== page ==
>you might not want to just assume I(R1) = I(R2), and measure both at seperate points. Maybe. Be a bit like measuring V(R3) and V(R4) separately, which does sound pretty silly.
Got It! And yeah I honestly don't have a clue on electricity works, this will be something I'll study today when I wake up! I'll make sure to measure them separately tomorrow in person too since the lab takes a while to start.
>Once you're done with currents, pop both the switch and the plugs back into volts. Accidentally placing 12V across your meter when it's set to current mode means putting 12V across the 0.1Ω or whatever internal resistance of your multimeter. That's a lot of current, will tug your power supply down and blow a fuse in one or both devices.
Ooooh that sounds nasty... I'll remember to put things back in place, hopefully I won't forget.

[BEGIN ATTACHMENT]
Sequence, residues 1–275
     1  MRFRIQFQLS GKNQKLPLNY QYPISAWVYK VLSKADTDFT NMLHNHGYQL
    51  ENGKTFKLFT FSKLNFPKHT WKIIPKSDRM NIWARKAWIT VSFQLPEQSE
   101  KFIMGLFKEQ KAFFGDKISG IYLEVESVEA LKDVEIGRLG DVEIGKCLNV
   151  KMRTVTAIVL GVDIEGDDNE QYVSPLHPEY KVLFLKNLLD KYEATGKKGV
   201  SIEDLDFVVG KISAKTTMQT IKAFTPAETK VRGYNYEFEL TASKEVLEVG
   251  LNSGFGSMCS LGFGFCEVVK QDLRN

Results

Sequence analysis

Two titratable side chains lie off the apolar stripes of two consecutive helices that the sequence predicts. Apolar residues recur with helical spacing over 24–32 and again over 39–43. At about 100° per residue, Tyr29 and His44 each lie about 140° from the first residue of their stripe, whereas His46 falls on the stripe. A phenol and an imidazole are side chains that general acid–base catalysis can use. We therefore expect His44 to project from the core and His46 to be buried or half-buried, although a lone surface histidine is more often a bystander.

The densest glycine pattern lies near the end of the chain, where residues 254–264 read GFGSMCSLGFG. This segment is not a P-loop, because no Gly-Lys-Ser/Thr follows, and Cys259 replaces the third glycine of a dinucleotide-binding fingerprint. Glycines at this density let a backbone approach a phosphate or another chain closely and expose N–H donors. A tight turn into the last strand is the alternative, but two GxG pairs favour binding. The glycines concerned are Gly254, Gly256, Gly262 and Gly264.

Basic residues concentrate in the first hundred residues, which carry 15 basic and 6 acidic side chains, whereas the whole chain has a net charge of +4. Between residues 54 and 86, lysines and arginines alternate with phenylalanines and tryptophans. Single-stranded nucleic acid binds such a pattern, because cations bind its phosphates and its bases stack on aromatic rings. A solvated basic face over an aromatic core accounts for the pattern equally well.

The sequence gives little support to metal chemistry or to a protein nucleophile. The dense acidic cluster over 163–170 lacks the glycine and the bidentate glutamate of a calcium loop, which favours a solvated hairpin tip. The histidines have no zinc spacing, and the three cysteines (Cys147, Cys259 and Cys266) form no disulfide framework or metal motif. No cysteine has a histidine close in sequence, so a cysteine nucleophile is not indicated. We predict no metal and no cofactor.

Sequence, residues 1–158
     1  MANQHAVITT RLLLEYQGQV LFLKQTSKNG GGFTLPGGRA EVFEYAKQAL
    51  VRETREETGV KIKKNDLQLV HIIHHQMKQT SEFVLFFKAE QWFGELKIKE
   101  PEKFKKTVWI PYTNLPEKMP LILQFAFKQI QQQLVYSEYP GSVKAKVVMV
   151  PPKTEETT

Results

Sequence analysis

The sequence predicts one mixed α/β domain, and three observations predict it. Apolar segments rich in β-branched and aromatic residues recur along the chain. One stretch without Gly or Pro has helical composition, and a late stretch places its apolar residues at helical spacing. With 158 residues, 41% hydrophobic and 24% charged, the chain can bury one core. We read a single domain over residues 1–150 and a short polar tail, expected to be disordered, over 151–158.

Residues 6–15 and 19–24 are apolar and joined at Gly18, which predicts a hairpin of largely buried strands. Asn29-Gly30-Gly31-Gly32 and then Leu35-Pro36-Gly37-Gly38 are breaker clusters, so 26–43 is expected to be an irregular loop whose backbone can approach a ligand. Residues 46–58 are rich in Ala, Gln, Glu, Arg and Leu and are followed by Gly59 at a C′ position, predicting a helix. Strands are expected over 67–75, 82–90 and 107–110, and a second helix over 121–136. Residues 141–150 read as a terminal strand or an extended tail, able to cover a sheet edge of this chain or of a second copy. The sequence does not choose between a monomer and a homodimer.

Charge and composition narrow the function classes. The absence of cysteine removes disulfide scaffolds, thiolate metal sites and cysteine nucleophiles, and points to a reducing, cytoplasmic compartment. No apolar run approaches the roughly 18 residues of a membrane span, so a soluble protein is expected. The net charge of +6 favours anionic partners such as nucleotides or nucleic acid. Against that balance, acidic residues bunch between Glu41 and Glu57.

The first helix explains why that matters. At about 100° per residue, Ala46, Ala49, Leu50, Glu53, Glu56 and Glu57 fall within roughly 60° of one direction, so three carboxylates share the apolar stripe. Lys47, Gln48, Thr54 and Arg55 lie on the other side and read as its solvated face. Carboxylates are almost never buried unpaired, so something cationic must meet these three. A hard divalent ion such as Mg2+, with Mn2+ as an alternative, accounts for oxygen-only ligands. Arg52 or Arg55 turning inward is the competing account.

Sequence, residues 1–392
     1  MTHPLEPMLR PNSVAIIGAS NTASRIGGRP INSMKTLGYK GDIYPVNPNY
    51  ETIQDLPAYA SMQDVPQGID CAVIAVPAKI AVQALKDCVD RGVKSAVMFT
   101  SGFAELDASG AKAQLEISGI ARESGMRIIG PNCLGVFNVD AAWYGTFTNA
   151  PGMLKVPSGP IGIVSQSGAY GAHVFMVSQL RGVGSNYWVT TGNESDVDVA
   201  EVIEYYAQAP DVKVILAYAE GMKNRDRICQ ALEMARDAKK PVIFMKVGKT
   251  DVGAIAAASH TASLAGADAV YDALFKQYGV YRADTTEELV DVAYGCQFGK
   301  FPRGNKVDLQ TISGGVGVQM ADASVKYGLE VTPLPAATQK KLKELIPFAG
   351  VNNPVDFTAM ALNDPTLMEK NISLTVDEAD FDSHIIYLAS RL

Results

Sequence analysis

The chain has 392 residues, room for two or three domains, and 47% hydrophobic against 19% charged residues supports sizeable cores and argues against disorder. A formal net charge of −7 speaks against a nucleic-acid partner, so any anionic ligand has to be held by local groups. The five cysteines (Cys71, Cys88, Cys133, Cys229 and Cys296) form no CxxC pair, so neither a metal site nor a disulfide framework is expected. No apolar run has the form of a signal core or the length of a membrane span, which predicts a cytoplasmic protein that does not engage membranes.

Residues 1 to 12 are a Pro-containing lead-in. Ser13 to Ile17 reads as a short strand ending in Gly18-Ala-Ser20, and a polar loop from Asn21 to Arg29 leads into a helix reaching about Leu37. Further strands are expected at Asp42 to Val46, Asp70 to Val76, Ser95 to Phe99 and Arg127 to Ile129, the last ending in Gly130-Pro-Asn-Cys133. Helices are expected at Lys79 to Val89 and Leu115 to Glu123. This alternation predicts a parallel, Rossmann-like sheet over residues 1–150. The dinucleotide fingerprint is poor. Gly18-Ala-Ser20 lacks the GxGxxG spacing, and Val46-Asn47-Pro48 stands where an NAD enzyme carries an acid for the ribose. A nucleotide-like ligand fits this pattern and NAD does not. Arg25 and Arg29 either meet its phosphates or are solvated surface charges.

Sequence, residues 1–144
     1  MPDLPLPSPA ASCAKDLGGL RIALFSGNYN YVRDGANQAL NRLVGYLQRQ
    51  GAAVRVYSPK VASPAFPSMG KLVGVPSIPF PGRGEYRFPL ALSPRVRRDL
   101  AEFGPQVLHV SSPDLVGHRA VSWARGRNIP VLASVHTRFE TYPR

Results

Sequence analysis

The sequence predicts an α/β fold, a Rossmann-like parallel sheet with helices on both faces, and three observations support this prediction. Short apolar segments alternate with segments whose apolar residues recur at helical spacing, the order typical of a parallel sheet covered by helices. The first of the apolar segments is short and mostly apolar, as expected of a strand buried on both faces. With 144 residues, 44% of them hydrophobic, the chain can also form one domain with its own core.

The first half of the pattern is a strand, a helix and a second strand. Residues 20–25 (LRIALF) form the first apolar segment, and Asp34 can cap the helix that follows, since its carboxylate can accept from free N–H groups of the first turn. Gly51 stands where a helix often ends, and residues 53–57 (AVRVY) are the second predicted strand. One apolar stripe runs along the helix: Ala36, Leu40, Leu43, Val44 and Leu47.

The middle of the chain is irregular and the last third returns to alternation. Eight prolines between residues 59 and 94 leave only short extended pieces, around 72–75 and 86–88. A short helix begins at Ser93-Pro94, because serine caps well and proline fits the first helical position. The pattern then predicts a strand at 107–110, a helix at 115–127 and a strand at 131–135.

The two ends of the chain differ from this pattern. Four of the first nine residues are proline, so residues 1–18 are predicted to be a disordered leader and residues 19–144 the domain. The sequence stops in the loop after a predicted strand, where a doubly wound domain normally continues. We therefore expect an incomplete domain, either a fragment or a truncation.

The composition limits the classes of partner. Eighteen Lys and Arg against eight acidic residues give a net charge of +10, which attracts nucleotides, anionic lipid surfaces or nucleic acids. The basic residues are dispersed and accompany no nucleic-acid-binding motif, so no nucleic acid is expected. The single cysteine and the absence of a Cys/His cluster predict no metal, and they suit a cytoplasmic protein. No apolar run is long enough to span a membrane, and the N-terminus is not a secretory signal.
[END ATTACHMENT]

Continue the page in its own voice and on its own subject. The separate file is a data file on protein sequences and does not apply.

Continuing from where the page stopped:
Thank you anon, for all of the help. Have a good night!
Speaking of big clive, I have this LED light bulb that I want to repurpose. It uses a rectifier, a somewhat undersized filter cap (20Vp ripple), and a linear current regulator set to 30mA or so that's dropping ~100VDC. I've already decided to desolder the warm white LEDs and replace them with 2700Ks, but I'm wondering about implementing some form of dimming.

The IC is a BP5131H, I think. There's about 0.6V across its programming resistors, which I suspect will remain constant regardless of the resistance, within reason. I have a few options, that being putting a HV MOSFET on the string itself, shorting the LED string, or doing something to the current-sense pin.
I think shorting the LED string will just cause the IC to try and shunt 30mA through itself with the full 340VDC across it, and it's already pretty borderline at 3.5W or whatever for an ESOP8 (the SOIC8 with the pad beneath it) on an aluminium PCB.
Switching the HV string with PWM should work, but I'm not sure how the IC's own startup time will effect the duty-cycle, plus it might alias with the 50Hz ripple and cause some strange effects.